Greek Cooking Challenge
Red Eggs ~ For Greek Easter
This month we will be colouring Red Eggs in preparation for Greek Easter, Pascha (Πάσχα). It is Recipe Number 4 of the Greek Cooking Challenge.
Easter is always a very special family occasion. After Church on Saturday night we all go to yiaya’s house and eat. The table if full of amazing Greek food which includes some dishes that are traditionally cooked only at Easter time.
My Greek side of the family (my thea Sylvia) will make patza, which I think is similar to Magiritsa a soup made from meats such as goats head, tongue, liver and heart. Of course she also makes tsoureki, which is a traditional sweet Easter bread and domathes!
My husband’s yiaya is Cypriot and when we go to her house we will eat a different style of Easter food including Trahana soup, and avegolemeno for those who don’t like the trahana. There are also flaounas (1/2 with sultanas and 1/2 plain to suit everyone’s tastes).
At both houses, there will always be hard boiled eggs, which are dyed and decorated ready for the cracking game.
I would like to make tzoureki one day. Or maybe even patza or trakahana but too be honest, I don’t know if my cooking skills are good enough just yet. So this year, I think i’ll start off with an easy one…
So, for April’s Greek Cooking Challenge, we will be dying Red Easter Eggs!
Step 1: Recipe
Andie Powers from the blog Assemble shares a recipe for dyeing Easter Eggs Naturally with Onion Skins. However, I plan to use the recipe that is on the back of the food dye packet that I purchased from the local Greek deli.
The instructions on the back of the packet say:
1. Boil the desired eggs and let them cool.
2. Add a glass of vinegar to a pot of cold or hot water
3. Dissolve the dye in the vinegar and water mixture
4. Put the eggs in to the pot and let them sit for 2-5 minutes
5. Take the coloured eggs out and place them on a napkin to dry
6. Use an oily cloth to polish the eggs and make them shiny
Step 2: Cook!
Red Easter Eggs have a symbolic meaning representing the blood of Christ and rebirth. Traditionally the red eggs are dyed on Holy Thursday which is the Thursday before Easter Sunday. In fact, this day is often called “Kokkinopempti” which means Red Thursday.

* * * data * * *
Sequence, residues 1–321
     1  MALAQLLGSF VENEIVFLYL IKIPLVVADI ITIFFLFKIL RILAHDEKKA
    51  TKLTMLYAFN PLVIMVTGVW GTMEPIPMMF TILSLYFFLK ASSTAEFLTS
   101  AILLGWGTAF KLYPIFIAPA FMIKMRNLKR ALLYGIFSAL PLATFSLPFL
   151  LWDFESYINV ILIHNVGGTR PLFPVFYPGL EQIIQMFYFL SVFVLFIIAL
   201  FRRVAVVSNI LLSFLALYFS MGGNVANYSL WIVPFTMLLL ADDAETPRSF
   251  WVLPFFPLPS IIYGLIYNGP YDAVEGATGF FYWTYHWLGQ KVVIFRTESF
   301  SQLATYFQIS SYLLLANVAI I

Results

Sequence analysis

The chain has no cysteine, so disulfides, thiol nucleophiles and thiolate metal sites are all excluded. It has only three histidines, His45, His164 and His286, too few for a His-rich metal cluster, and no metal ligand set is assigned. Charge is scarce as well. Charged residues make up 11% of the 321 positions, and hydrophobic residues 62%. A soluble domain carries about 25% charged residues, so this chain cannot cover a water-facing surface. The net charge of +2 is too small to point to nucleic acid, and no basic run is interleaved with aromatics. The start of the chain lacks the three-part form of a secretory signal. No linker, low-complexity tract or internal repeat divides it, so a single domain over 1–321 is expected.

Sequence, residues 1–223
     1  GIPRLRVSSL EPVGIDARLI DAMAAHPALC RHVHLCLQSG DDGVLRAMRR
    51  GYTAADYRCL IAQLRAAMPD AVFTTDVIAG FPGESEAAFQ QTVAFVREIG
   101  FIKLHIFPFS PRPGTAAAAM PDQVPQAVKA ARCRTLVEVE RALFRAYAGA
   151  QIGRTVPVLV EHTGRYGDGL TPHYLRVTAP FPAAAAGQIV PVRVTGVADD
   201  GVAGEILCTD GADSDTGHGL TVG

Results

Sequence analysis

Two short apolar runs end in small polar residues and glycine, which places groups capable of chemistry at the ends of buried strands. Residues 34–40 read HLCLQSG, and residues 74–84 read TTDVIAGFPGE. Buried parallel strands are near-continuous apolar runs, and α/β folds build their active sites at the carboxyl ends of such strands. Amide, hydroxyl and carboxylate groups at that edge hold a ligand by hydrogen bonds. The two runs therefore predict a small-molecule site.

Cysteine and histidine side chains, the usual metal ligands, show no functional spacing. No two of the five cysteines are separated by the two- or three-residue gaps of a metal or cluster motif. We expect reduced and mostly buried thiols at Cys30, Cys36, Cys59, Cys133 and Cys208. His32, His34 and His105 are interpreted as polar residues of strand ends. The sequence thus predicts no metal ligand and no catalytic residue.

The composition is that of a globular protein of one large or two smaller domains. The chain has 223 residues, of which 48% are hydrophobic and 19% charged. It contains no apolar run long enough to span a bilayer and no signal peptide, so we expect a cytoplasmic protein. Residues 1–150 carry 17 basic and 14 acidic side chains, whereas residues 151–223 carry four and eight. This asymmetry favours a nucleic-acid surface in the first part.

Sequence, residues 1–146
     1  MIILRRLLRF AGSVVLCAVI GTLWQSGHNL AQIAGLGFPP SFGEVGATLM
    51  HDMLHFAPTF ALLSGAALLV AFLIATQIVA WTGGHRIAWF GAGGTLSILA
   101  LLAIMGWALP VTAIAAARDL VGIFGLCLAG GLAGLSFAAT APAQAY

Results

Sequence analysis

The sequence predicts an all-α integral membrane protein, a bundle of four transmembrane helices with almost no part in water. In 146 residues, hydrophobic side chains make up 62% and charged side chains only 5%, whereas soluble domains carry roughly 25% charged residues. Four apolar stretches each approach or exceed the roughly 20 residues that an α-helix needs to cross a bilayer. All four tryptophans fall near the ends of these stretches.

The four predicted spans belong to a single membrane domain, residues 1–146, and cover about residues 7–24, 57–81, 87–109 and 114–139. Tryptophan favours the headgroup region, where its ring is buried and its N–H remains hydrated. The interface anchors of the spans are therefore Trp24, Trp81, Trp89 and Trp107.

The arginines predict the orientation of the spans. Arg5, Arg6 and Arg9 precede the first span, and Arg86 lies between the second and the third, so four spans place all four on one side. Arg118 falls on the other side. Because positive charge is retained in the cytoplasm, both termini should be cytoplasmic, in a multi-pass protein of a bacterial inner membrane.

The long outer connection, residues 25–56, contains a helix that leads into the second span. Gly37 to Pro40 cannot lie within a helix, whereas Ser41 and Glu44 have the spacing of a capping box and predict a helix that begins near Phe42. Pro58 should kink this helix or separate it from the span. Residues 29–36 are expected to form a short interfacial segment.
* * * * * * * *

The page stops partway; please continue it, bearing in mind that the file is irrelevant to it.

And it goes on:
Try to schedule some time next Thursday to dye your Red Eggs!
Avoid cooking on Good Friday or Easter Sunday. However you can use Easter Saturday as a back up plan just in case you don’t get them done on the Thursday.
Step 3: Take A Photo and Share It
Once your Red Eggs are ready, take a photo of it! Be sure to share your photo on social media with the hash tags #greekcookingchallenge and #redeastereggs or #redeggs. You can share it on Instagram, Twitter or Facebook.
Or email directly to me at Sia@greekweddingtraditions.com.
This image is by Heather Christo – Click here to see her website and beautiful table decorations for Easter.
Step 4: Receive Your Gift
At the end of the month, the Greek Cooking Challenge subscribers will receive a pdf ebook of the Red Egg recipe enhanced with all your comments, secrets and notes, all gathered together and garnished with your photos. By the end of the year, you will have the perfect ebook of Greek food recipes, with home made pictures and secrets form within the kitchen of our subscribers. This gift will only be sent to you if you officially join the Greek Cooking Challenge – so if you haven’t already, you can still Sign Up Now!
The Greek Cooking Challenge is all about Learning How To Be A Good Greek Cook.
Here on the blog, we can all help each other to learn how to be good Greek cooks together.
So don’t forget to share your thoughts throughout this month, your cooking experiences, tips and recipe secrets. Share the things that have gone wrong or perfectly right with your recipe, so we can all learn from each other!
Good Luck Everyone!
Related posts you might love:
- Greek Cooking Challenge Recipe 2: Pastichio
- Reading Greek Coffee Cups
- Greek Cooking Challenge Recipe 1: Vasilopita
Sia Aristidou is fascinated by the rituals and traditions celebrated in Greek culture. Sia writes about love, marriage, family and tradition and sells beautiful handmade wedding gifts at the Greek Wedding Shop.
Connect with Sia on Facebook, Twitter, Pinterest and Instagram or subscribe to the Greek Weddings & Traditions blog. If you want to learn more about Greek food and Greek cooking, then join the Greek Cooking Challenge.